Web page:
El Niño Southern Oscillation’s Effect on Oman Weather


A teleconnection is described as a variation of remote climates, and El Niño Southern Oscillation (ENSO) is an example of such a phenomenon. It means that changes in the atmosphere in one place can affect weather in a different place that is miles away. ENSO is a phenomenon that changes periodically between two phases: El Niño and La Niña in the Pacific Ocean (Xie et al. 930). ENSO has adverse effects on regions far from the tropical Pacific Ocean. This variation of the Earth’s atmosphere affects agriculture, freshwater availability, and economic activity around the globe. ENSO teleconnection affects surface temperature, atmospheric circulation, and precipitation (Varikoden et al.). The effects of ENSO can persist for years, and this has societal impacts.

The periodic variation in the wind patterns over the easter Pacific Ocean affects the climate in many subtropics and tropics. ENSO plays a significant role in Oman’s intervariable weather and climate. During El Niño phases, dry and cold air from the Pacific Ocean is blown into Oman regions with warm and moist air. This causes significant changes in the weather in the area (Tejavath et al. 3447). During El Niño, warmer water moves eastwards, leading to changes in pressure. When tropical water is warm and cool, pressure differences shift, causing atmospheric patterns to change and alter precipitation patterns.

The patterns of El Niño and La Niña have unique characteristics, and therefore there is variation in weather (Domeisen et al. 42). The atmospheric effects due to the sea surface temperature influence the weather and climate of other remote areas worldwide. ENSO teleconnections evolve, and this increases the complexity of understanding its impact. Although it is difficult to determine the causes of the various processes on land and in oceans across the world, ENSO is a powerful force and has had a dominant influence on season climate in many areas.

Study Area

The study area has a tropical desert climate with summer rains in the north and southern areas caused by the monsoon. Oman rainfall has a year-to-year variability, and ENSO is a mechanism influencing this precipitation in the sultanate (Tejavath et al. 3456). The summer rainfall varies yearly and is caused by atmospheric influences from the Pacific Ocean. A wider region in Oman experiences cooler than normal conditions before the winter peak of El Niño. At this peak, dry and cold currents blow towards the Asian continent from mid-June to mid-September. The cycle then repeats itself every two to seven years.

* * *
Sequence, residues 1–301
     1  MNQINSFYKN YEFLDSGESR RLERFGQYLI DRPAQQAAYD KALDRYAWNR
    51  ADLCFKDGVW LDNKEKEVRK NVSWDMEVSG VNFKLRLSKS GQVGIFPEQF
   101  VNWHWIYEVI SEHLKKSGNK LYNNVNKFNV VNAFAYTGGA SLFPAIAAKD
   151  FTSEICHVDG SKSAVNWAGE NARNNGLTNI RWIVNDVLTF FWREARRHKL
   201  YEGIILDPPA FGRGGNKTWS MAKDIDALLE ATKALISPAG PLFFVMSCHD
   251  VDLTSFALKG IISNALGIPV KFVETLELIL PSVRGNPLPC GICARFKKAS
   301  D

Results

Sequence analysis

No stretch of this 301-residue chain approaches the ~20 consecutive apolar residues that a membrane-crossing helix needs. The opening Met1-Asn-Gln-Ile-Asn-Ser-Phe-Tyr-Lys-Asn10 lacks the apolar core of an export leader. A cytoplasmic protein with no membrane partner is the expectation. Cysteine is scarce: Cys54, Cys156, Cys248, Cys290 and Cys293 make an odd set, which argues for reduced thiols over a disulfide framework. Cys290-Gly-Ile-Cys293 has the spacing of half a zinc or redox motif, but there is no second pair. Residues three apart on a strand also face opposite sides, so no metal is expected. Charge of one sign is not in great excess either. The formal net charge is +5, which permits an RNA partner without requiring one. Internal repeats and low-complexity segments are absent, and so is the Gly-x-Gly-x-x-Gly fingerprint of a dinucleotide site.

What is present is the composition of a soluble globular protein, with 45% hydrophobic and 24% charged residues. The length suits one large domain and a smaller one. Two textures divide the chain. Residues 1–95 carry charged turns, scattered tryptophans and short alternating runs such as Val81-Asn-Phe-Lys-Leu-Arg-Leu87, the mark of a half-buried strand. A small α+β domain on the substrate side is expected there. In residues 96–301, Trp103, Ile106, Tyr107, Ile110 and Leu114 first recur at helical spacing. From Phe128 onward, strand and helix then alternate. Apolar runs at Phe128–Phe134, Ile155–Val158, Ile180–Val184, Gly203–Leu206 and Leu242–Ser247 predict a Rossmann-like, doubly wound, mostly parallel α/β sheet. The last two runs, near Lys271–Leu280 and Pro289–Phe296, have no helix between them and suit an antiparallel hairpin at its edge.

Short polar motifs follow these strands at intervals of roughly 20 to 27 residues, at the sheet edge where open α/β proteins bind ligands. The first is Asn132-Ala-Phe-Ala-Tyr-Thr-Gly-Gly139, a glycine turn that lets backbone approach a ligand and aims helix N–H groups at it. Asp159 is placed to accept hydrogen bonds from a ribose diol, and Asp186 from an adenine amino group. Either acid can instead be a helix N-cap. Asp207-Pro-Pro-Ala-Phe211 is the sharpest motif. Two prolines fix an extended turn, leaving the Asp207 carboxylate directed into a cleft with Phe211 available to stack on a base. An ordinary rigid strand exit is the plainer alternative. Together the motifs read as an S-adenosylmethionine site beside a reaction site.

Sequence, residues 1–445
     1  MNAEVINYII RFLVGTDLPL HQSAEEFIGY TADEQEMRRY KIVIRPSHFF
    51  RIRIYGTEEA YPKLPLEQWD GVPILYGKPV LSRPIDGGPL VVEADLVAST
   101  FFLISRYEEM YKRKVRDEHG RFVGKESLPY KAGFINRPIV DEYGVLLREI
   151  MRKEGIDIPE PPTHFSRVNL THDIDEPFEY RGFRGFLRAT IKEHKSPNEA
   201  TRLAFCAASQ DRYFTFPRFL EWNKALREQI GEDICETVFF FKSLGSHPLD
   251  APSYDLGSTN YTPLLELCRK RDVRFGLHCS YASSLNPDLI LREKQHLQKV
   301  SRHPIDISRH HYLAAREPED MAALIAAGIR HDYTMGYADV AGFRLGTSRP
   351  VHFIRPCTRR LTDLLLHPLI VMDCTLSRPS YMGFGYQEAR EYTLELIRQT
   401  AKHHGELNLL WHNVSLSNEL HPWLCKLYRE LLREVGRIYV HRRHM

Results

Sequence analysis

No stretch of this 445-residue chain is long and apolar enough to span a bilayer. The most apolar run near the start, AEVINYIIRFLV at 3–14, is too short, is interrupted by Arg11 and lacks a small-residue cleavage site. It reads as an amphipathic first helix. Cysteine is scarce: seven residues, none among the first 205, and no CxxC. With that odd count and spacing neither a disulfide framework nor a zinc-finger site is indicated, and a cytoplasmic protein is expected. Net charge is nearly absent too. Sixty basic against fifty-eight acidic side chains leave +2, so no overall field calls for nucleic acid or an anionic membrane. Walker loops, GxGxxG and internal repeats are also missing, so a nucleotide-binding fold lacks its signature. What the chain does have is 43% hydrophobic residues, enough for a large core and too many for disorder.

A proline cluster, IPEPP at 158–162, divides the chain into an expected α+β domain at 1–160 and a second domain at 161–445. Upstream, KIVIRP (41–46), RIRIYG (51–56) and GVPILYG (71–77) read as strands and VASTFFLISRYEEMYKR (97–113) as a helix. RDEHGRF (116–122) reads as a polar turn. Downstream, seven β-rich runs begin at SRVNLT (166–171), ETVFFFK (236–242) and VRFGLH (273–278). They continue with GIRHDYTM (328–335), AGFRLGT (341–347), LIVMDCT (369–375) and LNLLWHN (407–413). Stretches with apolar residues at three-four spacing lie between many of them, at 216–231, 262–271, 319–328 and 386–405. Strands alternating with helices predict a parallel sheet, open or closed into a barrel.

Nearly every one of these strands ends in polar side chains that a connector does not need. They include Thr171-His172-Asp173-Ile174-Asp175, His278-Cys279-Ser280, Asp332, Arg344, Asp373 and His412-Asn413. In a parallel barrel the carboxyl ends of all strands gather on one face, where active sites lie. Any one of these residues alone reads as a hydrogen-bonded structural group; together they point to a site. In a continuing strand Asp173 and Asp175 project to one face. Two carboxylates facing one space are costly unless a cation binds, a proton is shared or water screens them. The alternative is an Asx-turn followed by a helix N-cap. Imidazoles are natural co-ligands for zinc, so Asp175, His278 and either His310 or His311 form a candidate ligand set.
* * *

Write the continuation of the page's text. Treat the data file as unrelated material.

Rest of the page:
ENSO atmospheric teleconnections influence climate and weather conditions over other parts of the globe. In the Pacific Ocean, during normal conditions, trade winds blow west along the equator. El Niño and La Niña break the usual constraints of the Pacific Ocean. ENSO is a climate phenomenon with two phases: El Niño and La Niña. El Niño is a phenomenon when water temperatures in the Pacific Ocean become abnormally warm. During an event in La Niña, the trade winds are stronger and push towards Asia (Domeisen et al. 10). A change in air convection caused by the ENSO La Niña phase leads to atmospheric temperature and precipitation changes in some regions across Oman (Xie et al. 940). The two phenomena are powerful forces and can shift their effect to places far from the Pacific Ocean. The shifts are known as teleconnections and occur via the tropical ocean surface temperatures in the upper atmosphere. In Oman, summer monsoon rainfall shows notable changes after the Peak of El Niño. The monsoon rainfall is coupled with the effect of the atmosphere and ocean system.